Paediatric Strategy Forum
for Medicinal Product Development of Epigenetic Modifiers in Children and Adolescents
23-24 January 2020
Wyndham Philadelphia Historic District Hotel, 400 Arch Street, Philadelphia, USA
PRESS RELEASE: Groundbreaking Childhood Cancer Collaborative Comes to the U.S. for the First Time
The first ACCELERATE Paediatric Strategy Forum in the US – a focus on Epigenetic Modifiers
th multi-stakeholder Paediatric Strategy Forum, organised by ACCELERATE with the support of the Alex’s Lemonade Stand Foundation and in collaboration with the European Medicines Agency (EMA) and with participation of the Food and Drug Administration (FDA) was held in Philadelphia on 23 and 24 January 2020 and focused on epigenetic modifiers in children and adolescents.
The specific aims of the Forum were:
to identify epigenetic targets or mechanisms of action relevant to paediatric cancers and
to define the landscape for paediatric drug development of epigenetic modifiers.
DNA methyltransferase inhibitors/hypomethylating agents and histone deacetylase (HDAC) inhibitors were largely excluded from discussion as the aim was to discuss those targets for which therapeutic agents are early in development.
Seventy two participants (in person) from both North America and Europe (academic experts, patient advocates from Children’s Cause for Cancer Advocacy, Coalition Against Childhood Cancer, Alex’s Lemonade Stand, KickCancer, Solving Kids’ Cancer and the Andrew McDonough B+ Foundation; EMA [including the Paediatric Committee] and FDA regulators) and representatives from 11 biopharmaceutical companies discussed the scientific rationale for the epigenome to be a therapeutic target across all paediatric malignancies.
A comprehensive overview of the scientific rationale for epigenetic modifiers in paediatric leukaemia, central nervous system tumours and solid tumours was presented as well as the pharmacological and clinical information on seventeen compounds being developed as epigenetic modifiers.
Conclusions of the Forum
The epigenetic landscape is an evolving field and is highly relevant to many paediatric cancers; the biology is elegant and new targets are emerging constantly. Targeting epigenetics is considered a very important therapeutic approach in paediatric malignancy, which has yet to achieve its full potential, as, many targets do not yet have drugs available.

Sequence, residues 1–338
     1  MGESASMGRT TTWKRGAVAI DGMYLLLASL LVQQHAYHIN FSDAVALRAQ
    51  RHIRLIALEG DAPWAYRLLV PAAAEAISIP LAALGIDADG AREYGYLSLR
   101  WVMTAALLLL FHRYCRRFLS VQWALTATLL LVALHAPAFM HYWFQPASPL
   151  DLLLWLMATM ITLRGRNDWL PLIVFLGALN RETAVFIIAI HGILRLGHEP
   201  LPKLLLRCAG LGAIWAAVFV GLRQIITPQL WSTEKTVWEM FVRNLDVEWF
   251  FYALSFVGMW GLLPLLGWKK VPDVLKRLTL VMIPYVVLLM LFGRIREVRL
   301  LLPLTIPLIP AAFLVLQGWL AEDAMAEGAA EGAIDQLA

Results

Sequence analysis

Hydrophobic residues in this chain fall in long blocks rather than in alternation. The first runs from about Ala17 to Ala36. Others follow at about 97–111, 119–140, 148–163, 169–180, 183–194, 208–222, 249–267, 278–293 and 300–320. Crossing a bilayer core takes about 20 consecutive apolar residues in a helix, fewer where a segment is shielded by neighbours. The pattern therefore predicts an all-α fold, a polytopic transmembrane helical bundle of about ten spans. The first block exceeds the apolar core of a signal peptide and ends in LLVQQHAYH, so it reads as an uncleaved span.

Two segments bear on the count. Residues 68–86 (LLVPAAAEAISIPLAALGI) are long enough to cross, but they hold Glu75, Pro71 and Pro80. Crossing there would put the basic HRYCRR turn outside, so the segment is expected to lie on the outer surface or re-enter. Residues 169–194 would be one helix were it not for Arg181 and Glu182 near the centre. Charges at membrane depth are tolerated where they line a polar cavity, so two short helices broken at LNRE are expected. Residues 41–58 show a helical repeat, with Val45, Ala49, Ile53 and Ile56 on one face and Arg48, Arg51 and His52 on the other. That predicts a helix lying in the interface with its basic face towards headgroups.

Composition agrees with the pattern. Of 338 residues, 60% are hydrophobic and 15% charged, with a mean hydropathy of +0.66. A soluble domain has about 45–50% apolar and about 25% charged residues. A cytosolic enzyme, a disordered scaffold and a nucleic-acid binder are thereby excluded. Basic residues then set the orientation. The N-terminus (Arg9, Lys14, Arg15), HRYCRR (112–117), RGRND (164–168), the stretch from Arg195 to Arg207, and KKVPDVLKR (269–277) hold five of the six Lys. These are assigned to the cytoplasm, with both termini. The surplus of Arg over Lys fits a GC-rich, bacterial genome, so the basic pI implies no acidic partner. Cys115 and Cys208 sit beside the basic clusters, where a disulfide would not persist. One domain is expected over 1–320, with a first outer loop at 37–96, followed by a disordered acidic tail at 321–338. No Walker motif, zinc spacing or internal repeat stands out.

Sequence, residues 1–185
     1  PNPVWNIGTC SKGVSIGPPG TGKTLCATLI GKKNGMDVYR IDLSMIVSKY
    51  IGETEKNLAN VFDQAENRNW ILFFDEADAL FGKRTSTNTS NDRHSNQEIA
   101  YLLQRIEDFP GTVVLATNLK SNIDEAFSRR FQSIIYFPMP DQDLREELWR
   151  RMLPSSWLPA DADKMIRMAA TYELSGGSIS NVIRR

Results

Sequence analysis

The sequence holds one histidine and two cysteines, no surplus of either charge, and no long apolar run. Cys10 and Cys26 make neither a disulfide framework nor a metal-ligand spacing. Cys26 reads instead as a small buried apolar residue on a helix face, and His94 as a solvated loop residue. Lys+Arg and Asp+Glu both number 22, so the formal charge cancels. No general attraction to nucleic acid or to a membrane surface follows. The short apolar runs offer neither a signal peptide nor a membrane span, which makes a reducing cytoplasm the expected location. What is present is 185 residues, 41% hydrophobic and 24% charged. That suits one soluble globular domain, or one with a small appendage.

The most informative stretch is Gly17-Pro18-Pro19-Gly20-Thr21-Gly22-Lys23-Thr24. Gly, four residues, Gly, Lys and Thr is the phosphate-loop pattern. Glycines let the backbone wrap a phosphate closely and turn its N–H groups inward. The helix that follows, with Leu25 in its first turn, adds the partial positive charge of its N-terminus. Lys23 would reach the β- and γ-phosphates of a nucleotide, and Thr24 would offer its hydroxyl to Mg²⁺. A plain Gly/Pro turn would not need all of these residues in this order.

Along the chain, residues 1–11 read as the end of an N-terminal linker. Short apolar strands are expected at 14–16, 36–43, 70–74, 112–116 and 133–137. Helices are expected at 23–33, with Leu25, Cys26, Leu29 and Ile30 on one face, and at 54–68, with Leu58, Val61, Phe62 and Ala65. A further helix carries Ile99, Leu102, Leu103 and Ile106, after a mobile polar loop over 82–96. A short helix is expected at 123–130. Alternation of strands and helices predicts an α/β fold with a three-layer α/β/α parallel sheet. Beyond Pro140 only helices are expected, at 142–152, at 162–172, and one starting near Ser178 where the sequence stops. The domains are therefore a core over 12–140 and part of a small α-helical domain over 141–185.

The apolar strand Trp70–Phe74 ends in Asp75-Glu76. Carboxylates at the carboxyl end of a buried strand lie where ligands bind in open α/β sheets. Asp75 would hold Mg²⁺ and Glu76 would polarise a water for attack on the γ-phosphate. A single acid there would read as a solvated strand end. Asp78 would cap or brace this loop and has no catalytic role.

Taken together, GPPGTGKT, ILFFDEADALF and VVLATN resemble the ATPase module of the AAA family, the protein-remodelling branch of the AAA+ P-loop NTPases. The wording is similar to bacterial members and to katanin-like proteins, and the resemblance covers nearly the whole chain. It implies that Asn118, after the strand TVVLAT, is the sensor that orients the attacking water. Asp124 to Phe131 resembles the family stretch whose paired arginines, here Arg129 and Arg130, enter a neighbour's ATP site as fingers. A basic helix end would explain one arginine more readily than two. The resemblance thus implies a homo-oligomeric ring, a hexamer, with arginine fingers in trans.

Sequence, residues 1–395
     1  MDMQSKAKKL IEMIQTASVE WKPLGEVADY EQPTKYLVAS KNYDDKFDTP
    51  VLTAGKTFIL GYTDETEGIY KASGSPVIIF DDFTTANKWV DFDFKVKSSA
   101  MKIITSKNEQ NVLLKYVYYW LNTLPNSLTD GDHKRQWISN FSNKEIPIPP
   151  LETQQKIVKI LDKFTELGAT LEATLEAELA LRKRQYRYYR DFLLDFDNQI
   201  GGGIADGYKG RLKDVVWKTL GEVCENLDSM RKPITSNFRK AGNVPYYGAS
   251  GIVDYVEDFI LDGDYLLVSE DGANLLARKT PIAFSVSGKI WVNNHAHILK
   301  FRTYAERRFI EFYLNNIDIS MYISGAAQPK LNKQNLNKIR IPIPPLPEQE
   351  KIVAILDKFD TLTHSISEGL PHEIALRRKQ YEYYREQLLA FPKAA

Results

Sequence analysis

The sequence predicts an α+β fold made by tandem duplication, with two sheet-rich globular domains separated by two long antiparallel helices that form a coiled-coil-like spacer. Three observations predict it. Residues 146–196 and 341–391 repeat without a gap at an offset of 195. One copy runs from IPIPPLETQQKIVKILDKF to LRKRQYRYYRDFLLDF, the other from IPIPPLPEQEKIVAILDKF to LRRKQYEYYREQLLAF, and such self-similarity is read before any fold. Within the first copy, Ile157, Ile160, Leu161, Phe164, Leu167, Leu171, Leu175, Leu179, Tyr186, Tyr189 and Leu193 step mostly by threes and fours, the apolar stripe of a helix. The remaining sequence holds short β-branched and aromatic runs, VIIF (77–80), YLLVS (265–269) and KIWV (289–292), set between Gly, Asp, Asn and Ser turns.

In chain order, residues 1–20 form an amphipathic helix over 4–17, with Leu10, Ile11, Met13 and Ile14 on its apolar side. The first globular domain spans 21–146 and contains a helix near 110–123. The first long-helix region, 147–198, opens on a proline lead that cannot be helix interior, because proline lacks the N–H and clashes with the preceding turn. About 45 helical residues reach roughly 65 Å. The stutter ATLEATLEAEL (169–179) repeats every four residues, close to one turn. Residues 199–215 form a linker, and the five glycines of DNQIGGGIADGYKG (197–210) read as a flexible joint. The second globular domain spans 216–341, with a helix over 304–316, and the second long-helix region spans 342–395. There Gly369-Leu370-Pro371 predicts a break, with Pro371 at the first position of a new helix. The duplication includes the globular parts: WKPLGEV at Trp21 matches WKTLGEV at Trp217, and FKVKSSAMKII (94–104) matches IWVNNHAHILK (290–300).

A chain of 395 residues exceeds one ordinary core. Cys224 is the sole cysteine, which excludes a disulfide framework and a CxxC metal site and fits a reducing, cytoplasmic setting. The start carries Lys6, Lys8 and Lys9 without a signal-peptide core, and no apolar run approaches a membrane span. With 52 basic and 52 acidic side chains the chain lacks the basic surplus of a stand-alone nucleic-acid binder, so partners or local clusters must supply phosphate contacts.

A combination approach is critical for many epigenetic modifiers (e.g. EZH2 and EED) and exploration of the optimum combination should be underpinned by extensive preclinical research in advance of clinical translation.
The Forum greatly encouraged more extensive pre-clinical research. Eight classes of medicinal products were discussed and prioritised, based on the level of science to support early evaluation in children: menin, DOT1L, EZH2, EED, BET, PRMT5, LSD1 inhibitors and retinoic acid receptor alpha agonists. Menin inhibitors should be moved rapidly into paediatric development, in view of their biological rationale, pre-clinical activity and ability to fulfil an unmet clinical need.
A follow up multi-stakeholder meeting focusing on BET inhibitors will be held to define how to prioritise the multiple compounds in clinical development that may need to be evaluated in children and evaluate their specific roles. As epigenetic modifiers are early in development, there is a major opportunity to define the landscape of epigenetic modifiers in order that efficient and optimum plans for their evaluation in children and adolescents are developed. A detailed manuscript describing the conclusions of the Forum is in preparation.
With a support of: